Rifqa Bary: A Schaivo-Like Controversy in the Making?

Newsweek has a good article on the Rifqa Bary saga that we've been covering here for the last few weeks and it contains a few new nuggets of interesting information, such as the fact that Mat Staver of the Liberty Counsel is more than just a "longtime friend," as the Orlando Sentinel reported, of Blake and Beverly Lorenz, the couple to whom Bary fled in Florida. He is also serving as their lawyer:

Bary's parents ... became frantic when they discovered their daughter was gone. They filed a missing-persons report with Columbus police and reached out to everyone they could think of. Police say the Barys cooperated fully with their investigation and seemed like loving parents who were worried sick. Searching among Rifqa's personal items, the Barys found a flash drive filled with spiritual writings by [Brian] Williams. He'd already spoken to the family and told them he didn't know where Rifqa was. But on Aug. 5—more than two weeks after the girl went missing—Columbus police interviewed him by phone (he was now living in Kansas City, Mo.). He says they threatened to arrest him if Bary didn't appear in the next 24 hours. Immediately after that call, he says, Kansas City police went to his home looking for the girl. Alarmed, Williams says he called and e-mailed all the people he knew Bary had been in touch with, including Blake Lorenz, who's a Facebook friend of his.

The Lorenzes had been housing Bary the whole time, even though it's a misdemeanor in Florida to shelter an unmarried minor for more than 24 hours (the Florida Department of Law Enforcement won't say whether it's investigating the couple). Their attorney, Mat Staver, says they consulted various agencies and nonprofits regarding how to handle Bary's situation. They also called the Florida Department of Children and Families (DCF) several times, though they didn't provide the specifics of her case until Aug. 6.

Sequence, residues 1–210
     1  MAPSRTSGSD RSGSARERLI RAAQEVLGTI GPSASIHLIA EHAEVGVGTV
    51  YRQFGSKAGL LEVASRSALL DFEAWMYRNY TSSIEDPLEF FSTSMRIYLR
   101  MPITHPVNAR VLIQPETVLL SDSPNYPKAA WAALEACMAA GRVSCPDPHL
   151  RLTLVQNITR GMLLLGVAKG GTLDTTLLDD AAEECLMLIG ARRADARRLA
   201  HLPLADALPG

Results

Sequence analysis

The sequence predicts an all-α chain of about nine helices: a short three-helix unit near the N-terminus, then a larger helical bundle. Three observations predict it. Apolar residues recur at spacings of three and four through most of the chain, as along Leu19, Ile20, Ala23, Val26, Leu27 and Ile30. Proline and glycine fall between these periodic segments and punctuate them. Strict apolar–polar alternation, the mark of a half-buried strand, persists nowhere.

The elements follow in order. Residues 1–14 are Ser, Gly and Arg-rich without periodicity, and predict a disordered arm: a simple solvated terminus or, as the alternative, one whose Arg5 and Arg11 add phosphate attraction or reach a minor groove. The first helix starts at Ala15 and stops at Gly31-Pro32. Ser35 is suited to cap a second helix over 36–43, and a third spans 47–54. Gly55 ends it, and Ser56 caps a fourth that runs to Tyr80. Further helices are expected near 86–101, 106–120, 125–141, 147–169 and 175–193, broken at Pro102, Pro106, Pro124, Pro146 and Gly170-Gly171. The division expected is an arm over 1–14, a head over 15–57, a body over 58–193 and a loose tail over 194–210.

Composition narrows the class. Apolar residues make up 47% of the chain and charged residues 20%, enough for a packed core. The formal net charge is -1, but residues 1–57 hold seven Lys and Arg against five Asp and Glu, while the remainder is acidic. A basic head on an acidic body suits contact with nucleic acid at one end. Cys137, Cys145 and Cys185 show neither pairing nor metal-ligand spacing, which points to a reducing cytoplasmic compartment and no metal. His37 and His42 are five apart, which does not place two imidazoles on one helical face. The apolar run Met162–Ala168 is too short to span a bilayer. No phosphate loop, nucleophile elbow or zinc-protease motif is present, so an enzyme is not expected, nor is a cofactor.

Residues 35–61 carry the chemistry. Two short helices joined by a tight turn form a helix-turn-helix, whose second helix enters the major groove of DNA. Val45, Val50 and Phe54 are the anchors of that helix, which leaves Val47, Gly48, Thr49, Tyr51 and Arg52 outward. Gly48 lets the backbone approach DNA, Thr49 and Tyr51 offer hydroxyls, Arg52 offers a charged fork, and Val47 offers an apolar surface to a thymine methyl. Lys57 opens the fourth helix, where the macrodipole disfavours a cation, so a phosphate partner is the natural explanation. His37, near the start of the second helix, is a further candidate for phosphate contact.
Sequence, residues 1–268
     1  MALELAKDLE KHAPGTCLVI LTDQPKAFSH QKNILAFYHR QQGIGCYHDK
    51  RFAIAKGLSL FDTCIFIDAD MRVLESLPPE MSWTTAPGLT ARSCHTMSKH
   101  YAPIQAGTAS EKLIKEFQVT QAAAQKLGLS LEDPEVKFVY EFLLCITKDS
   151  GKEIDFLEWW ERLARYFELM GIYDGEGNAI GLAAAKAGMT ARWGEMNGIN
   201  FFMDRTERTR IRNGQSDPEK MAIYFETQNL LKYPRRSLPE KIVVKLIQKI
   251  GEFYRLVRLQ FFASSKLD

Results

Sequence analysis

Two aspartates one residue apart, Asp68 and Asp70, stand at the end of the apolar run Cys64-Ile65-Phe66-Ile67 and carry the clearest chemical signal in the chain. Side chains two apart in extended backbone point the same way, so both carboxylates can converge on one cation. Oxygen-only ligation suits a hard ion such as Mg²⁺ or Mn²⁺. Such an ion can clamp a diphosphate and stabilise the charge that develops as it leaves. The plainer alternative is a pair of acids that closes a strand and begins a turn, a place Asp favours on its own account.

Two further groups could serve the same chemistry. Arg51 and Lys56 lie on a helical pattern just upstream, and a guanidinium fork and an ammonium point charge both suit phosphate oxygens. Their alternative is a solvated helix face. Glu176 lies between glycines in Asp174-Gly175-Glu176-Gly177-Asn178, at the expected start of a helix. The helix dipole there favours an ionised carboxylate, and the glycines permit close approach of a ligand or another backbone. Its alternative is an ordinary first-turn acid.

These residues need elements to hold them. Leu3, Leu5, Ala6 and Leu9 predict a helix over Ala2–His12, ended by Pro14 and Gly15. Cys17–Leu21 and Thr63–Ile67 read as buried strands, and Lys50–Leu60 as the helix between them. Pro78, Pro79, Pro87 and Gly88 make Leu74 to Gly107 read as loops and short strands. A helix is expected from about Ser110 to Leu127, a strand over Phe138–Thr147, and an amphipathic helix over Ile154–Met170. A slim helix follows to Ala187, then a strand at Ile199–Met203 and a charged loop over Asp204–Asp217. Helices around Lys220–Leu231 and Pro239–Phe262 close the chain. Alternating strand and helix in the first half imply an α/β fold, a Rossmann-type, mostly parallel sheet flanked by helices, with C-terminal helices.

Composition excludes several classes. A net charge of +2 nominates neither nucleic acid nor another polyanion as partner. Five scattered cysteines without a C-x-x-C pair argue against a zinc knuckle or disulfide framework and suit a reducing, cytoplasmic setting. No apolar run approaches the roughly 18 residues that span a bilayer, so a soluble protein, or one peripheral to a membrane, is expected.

The article also contains this other interesting bit of information 

Mohamed and Aysha Bary left Sri Lanka in 2000 with their two kids, Rifqa and an older brother, and moved to New York (their third child, a boy, was born in the United States). The reason: concern about Rifqa's well-being. As a child, she'd fallen on a toy airplane that pierced her right eye. Doctors in Sri Lanka wanted to remove the eye, prompting Mohamed to relocate the whole family so Rifqa could obtain better medical treatment. In the end, her eye was spared, though she can't see out of it.

Now, that piece of information is interesting primarily because groups like the Christian Anti-Defamation Commission have been spreading this story:

Rifqa Bary, a petite 17 year old cheerleader, fled from Ohio to Florida to escape her abusive Muslim family. She fled out of fear that she would be killed because she has become a Christian and she has good reasons.

Her father screamed at her that if she had Jesus in her heart, she was dead to him and he would kill her. Prior to that Rifqa had been repeatedly beaten by her family even to the point of losing vision in one eye.

I keep writing about this issue because a) I find it fascinating and b) it has the potential to eventually blow up into an Elian Gonzalez or Terri Schiavo-like story. 

I'm not predicting that it will, mind you, but John Stemberger, who is serving as Bary's attorney, was intimately involved in the Schiavo battle back in 2005, when he authored  "The Terri Schiavo Controversy - Facts, Myths and Christian Perspectives," which was disseminated by the Family Research Council (see #17, though the document has since been removed from FRC's website.)

With someone like Stemberger leading the fight and right-wing news outlets and Religious Right groups getting more involved by the day, this story has all of the hallmarks of a full-blown right-wing crusade in the making.